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E. coli contamination spurs boil-water order to 25,000 Rhode Island residents

PROVIDENCE, R.I.Some Rhode Island residents should boil their water before drinking, cooking with it or brushing their teeth, local health officials said Sunday.

A boil-water order has been issued to 25,000 customers of the Kent County Water Authority after tests found E. coli bacteria contamination in a storage tank.

E. coli comes from human and animal feces.

It can enter water supplies during rainfalls, snow melts and other types of precipitation if creeks, rivers, streams, lakes, or other waters are used as sources of drinking water and the water is not treated adequately, the U.S. Environmental Protection Agency says.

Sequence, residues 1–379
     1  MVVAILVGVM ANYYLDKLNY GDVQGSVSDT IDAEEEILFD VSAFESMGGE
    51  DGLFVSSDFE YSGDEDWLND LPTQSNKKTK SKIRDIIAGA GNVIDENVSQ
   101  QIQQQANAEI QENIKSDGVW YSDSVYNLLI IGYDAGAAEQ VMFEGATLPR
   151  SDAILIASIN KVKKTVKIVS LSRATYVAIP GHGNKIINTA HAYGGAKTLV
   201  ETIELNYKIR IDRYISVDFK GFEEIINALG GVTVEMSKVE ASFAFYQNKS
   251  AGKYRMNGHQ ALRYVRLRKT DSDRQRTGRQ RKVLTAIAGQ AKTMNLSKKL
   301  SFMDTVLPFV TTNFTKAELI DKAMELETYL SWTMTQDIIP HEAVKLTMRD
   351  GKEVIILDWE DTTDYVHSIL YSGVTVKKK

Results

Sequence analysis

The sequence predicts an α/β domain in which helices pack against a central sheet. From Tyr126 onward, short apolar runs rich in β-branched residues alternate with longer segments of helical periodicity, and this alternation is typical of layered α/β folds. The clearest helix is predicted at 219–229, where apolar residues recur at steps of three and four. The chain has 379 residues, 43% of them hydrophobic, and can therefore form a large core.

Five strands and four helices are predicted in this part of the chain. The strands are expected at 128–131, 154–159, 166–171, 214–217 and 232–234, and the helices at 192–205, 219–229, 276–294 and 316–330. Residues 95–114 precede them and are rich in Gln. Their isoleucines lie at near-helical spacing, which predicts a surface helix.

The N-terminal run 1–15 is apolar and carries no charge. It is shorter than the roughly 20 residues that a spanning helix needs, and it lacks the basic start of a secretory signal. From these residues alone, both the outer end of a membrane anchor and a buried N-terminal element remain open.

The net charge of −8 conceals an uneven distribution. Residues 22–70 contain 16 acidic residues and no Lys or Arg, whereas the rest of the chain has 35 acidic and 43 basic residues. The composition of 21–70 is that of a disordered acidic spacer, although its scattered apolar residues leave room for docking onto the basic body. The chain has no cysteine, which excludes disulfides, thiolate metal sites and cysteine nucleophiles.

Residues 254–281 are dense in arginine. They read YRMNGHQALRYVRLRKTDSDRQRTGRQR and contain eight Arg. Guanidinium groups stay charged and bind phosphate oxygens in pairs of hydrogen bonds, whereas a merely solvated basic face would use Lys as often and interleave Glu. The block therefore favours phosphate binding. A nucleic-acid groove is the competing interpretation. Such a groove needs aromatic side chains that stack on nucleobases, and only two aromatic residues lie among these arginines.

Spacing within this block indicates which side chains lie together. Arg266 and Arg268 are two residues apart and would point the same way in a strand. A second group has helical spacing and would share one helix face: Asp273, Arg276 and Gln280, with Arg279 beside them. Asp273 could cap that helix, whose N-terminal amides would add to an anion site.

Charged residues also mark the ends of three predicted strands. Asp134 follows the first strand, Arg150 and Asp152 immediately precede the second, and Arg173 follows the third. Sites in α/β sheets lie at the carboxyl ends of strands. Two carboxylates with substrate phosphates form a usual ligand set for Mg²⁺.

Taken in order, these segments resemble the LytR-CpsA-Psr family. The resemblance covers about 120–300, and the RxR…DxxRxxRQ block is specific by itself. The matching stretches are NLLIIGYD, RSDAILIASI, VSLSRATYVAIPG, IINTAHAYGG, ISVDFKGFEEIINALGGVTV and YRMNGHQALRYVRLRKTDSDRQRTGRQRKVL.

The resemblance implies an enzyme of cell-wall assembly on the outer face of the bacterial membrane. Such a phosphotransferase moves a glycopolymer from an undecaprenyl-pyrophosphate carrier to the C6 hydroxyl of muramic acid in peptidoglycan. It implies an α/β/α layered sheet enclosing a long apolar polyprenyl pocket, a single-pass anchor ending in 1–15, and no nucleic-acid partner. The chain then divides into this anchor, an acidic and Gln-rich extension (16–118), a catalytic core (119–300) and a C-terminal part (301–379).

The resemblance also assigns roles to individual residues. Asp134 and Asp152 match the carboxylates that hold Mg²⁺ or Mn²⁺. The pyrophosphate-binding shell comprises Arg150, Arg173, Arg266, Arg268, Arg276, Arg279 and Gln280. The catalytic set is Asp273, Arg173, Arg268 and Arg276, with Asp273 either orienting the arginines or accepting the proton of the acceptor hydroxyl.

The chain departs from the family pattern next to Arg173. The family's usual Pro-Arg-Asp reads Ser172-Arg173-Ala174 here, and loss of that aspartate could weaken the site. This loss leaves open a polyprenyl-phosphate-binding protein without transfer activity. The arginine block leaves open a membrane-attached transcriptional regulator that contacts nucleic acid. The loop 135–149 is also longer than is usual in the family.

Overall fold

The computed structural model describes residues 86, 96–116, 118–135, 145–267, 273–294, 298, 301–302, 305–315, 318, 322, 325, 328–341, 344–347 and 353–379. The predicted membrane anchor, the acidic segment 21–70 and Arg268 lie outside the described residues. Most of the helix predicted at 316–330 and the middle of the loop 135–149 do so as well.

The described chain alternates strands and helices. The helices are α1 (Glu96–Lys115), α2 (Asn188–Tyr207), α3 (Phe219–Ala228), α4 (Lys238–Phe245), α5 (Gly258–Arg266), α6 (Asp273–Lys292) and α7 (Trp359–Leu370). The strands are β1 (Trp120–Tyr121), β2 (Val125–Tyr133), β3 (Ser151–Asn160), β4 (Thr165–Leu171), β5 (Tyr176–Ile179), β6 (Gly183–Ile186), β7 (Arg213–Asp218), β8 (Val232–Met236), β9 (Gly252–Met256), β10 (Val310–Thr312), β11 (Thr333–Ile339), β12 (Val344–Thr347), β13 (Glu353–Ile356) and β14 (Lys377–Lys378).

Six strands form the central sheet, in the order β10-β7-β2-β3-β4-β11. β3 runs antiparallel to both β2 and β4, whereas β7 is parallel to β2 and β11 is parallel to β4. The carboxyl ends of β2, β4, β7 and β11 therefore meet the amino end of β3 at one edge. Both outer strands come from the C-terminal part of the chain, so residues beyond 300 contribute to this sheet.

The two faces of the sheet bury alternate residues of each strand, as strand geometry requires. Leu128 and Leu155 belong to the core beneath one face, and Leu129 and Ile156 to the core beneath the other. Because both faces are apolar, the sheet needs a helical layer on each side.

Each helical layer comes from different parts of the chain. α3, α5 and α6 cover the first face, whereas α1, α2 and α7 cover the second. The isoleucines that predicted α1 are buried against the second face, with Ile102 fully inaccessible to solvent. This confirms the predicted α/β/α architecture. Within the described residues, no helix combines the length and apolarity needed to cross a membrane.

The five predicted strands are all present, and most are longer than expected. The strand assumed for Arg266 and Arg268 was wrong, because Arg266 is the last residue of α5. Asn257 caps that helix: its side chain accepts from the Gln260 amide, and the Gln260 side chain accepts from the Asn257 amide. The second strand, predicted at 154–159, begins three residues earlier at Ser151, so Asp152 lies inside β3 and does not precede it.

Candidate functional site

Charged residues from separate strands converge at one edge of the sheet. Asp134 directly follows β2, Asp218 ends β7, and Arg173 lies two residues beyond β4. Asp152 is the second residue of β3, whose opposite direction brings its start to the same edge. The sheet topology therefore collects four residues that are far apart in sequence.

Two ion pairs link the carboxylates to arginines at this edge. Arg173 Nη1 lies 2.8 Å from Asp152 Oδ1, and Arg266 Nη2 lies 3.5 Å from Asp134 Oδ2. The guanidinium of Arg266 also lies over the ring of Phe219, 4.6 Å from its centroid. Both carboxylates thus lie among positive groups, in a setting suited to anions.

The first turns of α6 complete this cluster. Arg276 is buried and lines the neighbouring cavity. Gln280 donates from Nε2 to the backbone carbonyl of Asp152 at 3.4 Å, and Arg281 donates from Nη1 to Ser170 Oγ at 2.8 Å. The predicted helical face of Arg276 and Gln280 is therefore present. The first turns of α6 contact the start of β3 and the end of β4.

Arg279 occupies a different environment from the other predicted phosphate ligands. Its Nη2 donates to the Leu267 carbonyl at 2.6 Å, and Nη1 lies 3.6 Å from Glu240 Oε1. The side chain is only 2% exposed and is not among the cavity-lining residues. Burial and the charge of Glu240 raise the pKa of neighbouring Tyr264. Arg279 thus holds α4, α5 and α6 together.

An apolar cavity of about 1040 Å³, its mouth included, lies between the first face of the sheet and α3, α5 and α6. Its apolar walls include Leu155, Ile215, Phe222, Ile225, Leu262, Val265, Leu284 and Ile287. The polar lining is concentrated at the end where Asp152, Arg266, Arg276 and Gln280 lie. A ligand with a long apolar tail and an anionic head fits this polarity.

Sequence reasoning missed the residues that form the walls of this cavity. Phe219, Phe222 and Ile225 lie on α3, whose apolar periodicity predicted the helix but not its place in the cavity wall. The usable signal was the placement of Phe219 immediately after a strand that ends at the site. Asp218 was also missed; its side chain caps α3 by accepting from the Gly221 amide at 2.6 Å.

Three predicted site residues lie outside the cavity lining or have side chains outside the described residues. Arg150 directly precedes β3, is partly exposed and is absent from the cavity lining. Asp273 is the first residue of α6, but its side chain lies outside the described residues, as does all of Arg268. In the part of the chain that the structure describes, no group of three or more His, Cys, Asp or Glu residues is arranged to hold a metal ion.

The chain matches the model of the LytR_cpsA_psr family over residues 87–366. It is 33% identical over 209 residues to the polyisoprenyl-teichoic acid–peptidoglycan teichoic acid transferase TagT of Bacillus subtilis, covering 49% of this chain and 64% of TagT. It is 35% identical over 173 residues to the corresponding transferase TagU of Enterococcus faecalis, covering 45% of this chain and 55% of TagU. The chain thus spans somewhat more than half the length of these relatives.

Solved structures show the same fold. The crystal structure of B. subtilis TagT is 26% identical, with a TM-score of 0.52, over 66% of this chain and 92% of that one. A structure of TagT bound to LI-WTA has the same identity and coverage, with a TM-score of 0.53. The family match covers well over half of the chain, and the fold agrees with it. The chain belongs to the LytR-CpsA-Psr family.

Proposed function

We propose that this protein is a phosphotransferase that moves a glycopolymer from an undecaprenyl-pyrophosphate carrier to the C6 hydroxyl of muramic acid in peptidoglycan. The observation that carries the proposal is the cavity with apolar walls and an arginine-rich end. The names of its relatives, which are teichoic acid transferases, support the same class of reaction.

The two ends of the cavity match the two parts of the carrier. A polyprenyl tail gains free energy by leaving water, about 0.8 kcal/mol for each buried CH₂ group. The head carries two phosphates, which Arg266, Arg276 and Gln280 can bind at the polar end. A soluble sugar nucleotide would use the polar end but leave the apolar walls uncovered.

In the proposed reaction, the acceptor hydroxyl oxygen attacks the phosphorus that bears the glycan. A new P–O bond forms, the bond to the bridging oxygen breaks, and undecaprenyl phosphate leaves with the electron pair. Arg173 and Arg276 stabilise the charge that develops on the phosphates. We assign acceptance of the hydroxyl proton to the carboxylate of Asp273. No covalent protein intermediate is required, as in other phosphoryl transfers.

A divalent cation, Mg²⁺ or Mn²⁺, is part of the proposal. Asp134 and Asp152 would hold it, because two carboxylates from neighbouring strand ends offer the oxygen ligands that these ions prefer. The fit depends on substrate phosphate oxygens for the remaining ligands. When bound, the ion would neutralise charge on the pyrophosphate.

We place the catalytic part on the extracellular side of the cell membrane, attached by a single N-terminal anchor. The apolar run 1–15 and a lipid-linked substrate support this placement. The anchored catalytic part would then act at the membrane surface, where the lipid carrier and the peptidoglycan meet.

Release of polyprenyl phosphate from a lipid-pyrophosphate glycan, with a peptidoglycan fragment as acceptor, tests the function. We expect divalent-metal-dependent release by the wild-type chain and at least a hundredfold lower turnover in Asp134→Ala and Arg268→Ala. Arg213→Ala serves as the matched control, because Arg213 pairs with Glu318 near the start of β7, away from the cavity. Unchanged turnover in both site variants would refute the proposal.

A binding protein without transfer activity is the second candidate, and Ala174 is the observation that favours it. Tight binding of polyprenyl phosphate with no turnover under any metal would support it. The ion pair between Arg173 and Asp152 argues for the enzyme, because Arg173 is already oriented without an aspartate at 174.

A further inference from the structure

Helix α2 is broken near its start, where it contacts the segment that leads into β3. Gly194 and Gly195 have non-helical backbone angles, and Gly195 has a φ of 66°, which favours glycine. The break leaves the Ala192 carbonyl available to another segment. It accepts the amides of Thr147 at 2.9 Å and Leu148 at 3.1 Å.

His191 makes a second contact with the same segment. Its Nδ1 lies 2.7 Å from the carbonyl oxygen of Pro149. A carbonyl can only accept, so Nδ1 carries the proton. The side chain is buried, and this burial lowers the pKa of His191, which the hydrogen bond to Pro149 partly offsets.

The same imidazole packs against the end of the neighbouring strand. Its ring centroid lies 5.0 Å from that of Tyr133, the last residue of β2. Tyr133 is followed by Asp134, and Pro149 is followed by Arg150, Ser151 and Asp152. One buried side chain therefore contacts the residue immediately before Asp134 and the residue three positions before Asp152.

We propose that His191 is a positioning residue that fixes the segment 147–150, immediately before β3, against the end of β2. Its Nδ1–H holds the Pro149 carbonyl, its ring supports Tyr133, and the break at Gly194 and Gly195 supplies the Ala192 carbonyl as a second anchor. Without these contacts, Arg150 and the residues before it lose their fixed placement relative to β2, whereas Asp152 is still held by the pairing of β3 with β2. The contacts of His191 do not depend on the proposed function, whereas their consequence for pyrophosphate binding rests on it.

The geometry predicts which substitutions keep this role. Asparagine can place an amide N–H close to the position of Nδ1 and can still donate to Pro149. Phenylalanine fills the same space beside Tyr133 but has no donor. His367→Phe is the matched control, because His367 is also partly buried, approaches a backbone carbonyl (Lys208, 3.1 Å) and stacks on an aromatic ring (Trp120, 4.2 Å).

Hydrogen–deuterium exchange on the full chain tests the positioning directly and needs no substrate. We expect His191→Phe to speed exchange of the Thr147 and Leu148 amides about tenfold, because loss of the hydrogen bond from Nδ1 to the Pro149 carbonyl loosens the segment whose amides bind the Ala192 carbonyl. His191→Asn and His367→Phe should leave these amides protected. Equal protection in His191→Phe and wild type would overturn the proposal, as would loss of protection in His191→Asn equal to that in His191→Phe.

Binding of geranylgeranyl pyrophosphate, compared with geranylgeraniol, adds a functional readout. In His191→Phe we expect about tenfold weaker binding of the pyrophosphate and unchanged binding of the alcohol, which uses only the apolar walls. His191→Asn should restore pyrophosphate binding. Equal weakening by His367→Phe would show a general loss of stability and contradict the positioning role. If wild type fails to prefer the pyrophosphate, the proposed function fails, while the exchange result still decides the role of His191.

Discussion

During rainfalls, snow melts, or other types of precipitation, E. coli may be washed into creeks, rivers, streams, lakes, or ground water. When these waters are used as sources of drinking water and the water is not treated or inadequately treated, E. coli may end up in drinking water.

Of the hundreds of strains of E. coli, one strain is most commonly associated with illness, E. coli O157:H7. While most other E. coli strains are harmless, the 0157:H7 strain produces a toxin that can cause severe bloody diarrhea and abdominal cramps and in rare cases, kidney complications.

The boil-water order affects customers in Cranston, Coventry, Warwick, West Warwick, East Greenwich and some in North Kingstown and West Greenwich, The Providence Journal reported.

Residents are being asked to boil water vigorously for at least one minute before using it. Customers also are advised to not bathe infants and young children in the water, because they may swallow some.

The authority says it's the first time in more than 25 years there's been an E. coli contamination in the drinking water supply.

Health Director Michael Fine tells WPRO-AM the order will be in place until at least Thursday.

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